(This book cannot be returned.)
This book provides a critical analysis of the politics of migration in Eastern Europe and an in-depth understanding of the role played by media and public discourse in shaping migration and migration policy.
Ruxandra Trandafoiu looks at emigration, diaspora, return, kin-minority cross-border mobility, and immigration in Eastern Europe from cultural, social and political angles, tracing the evolution of migration policies across Eastern Europe through communication, public debate and political strategy. Trandafoiu investigates the extent to which these potential 'models' or policy practices can be comparable to those in Western European countries, or whether Eastern Europe can give rise to a migration 'system' that rivals the North American one. Each chapter bridges the link between policy and politics and makes a case for considering migration politics as fundamentally intertwined with media representation and public debate. Drawing on comparative case studies of countries including Bulgaria, Croatia, Estonia, Hungary, Poland, Romania, Slovakia and Ukraine, the book considers how migration is both managed and experienced from political, social and cultural viewpoints and from the perspectives of a range of actors including migrants, politicians, policymakers and journalists.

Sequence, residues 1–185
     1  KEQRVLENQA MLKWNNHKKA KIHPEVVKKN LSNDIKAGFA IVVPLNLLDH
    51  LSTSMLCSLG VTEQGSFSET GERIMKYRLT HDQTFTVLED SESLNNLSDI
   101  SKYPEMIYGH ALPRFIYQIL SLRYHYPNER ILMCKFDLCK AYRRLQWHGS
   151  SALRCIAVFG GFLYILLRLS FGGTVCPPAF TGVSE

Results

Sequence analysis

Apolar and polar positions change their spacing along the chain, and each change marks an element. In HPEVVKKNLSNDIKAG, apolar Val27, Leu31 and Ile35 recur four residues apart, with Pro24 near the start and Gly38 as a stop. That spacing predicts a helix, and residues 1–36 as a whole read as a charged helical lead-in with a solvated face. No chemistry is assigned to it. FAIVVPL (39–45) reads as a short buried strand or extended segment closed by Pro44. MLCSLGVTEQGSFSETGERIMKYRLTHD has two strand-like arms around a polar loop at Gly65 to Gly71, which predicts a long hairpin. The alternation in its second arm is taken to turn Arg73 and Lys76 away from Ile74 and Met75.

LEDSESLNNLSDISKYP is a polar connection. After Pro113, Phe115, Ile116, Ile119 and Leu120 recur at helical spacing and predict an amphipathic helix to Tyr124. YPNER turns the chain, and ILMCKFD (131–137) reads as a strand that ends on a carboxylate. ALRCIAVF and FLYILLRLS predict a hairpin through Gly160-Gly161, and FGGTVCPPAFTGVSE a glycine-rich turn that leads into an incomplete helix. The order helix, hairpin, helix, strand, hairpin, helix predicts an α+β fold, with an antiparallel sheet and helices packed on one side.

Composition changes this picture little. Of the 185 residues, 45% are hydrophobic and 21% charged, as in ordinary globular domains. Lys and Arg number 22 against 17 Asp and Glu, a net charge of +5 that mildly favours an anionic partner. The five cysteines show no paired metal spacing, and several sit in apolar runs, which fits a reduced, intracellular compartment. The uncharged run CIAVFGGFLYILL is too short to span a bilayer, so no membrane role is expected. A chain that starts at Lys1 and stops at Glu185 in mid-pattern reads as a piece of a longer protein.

This book will be key reading for advanced students and researchers of migration, media, international relations, and political communication.
About the Author
Ruxandra Trandafoiu is a Reader in Communication at Edge Hill University, UK. She has published Diaspora Online: Identity Politics and Romanian Migrants (Berghahn), and co-edited Media and Cosmopolitanism (Peter Lang) and The Globalization of Musics in Transit: Musical Migration and Tourism (Routledge). Her research focuses on the role of social media in the political engagement and activism of Eastern European diasporas, the political effect of Brexit on EU nationals in the UK, the impact of music and music policy on the identity of place in Eastern Europe, and on transmedia practices seen as migration practices.